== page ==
With the help of the Ritual Committee, that has changed. The b'nei mitzvah family is expected to provide a simple Kiddush for the community immediately following the service, aside from whatever they are doing privately later. Maybe it's just the "if you feed them, they will come" thing, but advertising the simcha as a celebration for the whole community, via bulletin and email, seems to be changing the perception of the service as a private affair.

                Aside from its being good for the congregation, I think it's hugely important for our kids to understand that their becoming part of the community is more than lip service.

  11. March 2007 Digest 034

                The contrast, even conflict, between the "Family B'nei Mitzvah" and the "regular Shabbat Shacharit minyan" illustrates a deeper problem in current Reform Judaism. How do we meld religious services, qua services, with religious services as worship experiences. We cannot shut off the B'nei Mitzvah experience, which may be for some of us the rarest of presence in a Temple and participation in a worship service, because it builds a Jewish memory. It also salutes the Jewish family. Cynically speaking, it also enhances the Temple membership rolls, for a while, anyway…From comments on this list and my own travels and participation in Synagogue 2000 I have concluded that we are slowly evolving and should not be discouraged by the pace at which we are proceeding. The smaller congregations, which cannot afford the duality of experience enjoyed (endured?) by the larger ones, will, I hope, begin to find that they are integrating life-cycle events into a more worshipful experience as time goes by. One last comment: it ill becomes us to disdain anyone else's religious experience, even if it happens for only a bare fraction of a moment in a most uncomfortable setting, such as may take place for someone in a typical B'nei Mitzvah ceremony.


    1000+/- family units
  12. March 2007 Digest 035


                [Re:] the benefits of a b’nei mitzvah student preparing the entire Sat morning service.


    1. Here is an opportunity for the child to learn what each prayer means, why we say it, where it belongs in the service, etc. As my son said of the Amidah--"so first we remind Gd that he should like us because of who we are related to, then we butter him up with praise, then we thank him for what he has done, and finally ask for peace." This came about in the years leading up to his bar mitzvah because he wanted (and was taught through Hebrew school and at home) to know what he was going to say.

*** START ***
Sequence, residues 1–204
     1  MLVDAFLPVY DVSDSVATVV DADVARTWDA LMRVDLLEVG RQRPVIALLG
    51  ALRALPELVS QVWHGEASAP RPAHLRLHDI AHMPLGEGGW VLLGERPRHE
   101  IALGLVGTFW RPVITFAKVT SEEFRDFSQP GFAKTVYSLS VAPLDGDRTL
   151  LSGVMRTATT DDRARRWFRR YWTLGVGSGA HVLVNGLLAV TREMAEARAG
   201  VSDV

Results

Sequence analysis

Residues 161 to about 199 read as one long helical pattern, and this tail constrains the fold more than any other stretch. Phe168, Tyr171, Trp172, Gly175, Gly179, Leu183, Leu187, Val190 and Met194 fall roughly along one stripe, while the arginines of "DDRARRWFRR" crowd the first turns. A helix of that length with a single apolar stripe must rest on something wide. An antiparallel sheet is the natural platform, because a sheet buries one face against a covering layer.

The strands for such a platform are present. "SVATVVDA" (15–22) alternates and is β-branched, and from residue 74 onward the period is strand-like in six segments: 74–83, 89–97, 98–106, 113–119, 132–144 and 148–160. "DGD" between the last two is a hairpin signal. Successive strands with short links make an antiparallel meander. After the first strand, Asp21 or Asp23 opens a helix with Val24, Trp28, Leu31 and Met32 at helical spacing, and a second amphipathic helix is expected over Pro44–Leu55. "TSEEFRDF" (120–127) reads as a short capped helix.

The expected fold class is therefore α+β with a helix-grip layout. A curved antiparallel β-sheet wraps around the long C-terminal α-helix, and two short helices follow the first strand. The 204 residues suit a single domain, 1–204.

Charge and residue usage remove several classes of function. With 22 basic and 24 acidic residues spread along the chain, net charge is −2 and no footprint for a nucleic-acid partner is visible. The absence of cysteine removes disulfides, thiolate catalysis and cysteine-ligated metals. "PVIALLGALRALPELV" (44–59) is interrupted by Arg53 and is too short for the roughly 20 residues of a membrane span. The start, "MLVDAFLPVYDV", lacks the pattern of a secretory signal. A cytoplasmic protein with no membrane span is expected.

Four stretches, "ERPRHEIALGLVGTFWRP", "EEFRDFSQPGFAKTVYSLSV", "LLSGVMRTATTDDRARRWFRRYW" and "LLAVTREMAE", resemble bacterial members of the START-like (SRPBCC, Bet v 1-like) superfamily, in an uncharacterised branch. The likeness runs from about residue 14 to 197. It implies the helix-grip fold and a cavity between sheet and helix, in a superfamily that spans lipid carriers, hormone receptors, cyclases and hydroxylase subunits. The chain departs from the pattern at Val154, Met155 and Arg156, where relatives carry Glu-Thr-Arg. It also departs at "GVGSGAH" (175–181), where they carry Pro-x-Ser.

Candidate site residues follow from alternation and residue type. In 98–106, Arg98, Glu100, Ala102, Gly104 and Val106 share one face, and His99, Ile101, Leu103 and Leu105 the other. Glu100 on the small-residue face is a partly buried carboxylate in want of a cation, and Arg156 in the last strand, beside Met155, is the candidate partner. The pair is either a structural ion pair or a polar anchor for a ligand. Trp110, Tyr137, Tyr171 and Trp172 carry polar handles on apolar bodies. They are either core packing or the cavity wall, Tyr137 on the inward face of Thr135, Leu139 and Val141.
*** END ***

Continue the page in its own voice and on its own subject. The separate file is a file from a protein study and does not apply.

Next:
2. A second reason to prepare the entire service is to be able, if called upon, to lead one. There have been occasions at college or at a minyan at someone's house where no one knew what to do and I had to lead a service.
    3. This is a public affirmation of the child accepting the laws and customs of Judaism…


                …Let's not throw out the baby with the bath water. Leading services is not what's bad about the bar mitzvah celebration. If there is exclusion, inappropriate use of speeches, prayers that don't belong, self serving bar mitzvah talks instead of a d’var Torah--these need to be fixed.


    323 families
  13. March 2007 Digest 035

                … It is not for lack of attention we are where we are and obviously there is no quick fix. While I agree we cannot shut off the B'nei Mitzvah experience, I think it imperative to begin educating people with children (as well as everyone else) who join our congregations about what the "B'nei Mitzvah experience" is really all about. Our modern day observance does salute the Jewish family, but in truth should really represent a much smaller part of the ceremony. We spend so much time honoring members of the family with readings, prayer readings, and aliyot that we forget why we are in the sanctuary in the first place (SHABBAT!). Indeed, are we honoring people with aliyot or are the people honored by receiving the aliyah. There is not a so subtle difference in the wording between the two.

                Yes, attending a B'nei Mitzvah is a memorable experience, but in the long-term, if this is the limit to one's Jewish experience, its impact on the long-term survival of the Jewish people will likelyto be minimal…


  14. April 2007 Digest 068

                Our congregation doesn't deny anyone the nachas; anyone may attend the bar-mitzvah service. What we have found, though, is that people don't. We (broad "we"; this problem is common) have allowed people to think of the bar mitzvah as a family event rather than one step on the path to increasing community involvement. Until that expectation changes in our congregations and especially in the home, it doesn't matter what we do (or don't do) to the bar-mitzvah service. Meanwhile, the small core in each congregation that really wants to get together weekly (or daily) for worship will do so, on their own if they have to. Shouldn't we support them?


    ~860 households

URJ logo

Donate Now



Multimedia Icon Multimedia:  Photos  |  Videos  |  Podcasts  |  Webinars
Bookmark and Share About Us  |  Careers  |  Privacy Policy
Copyright Union for Reform Judaism 2015.  All Rights Reserved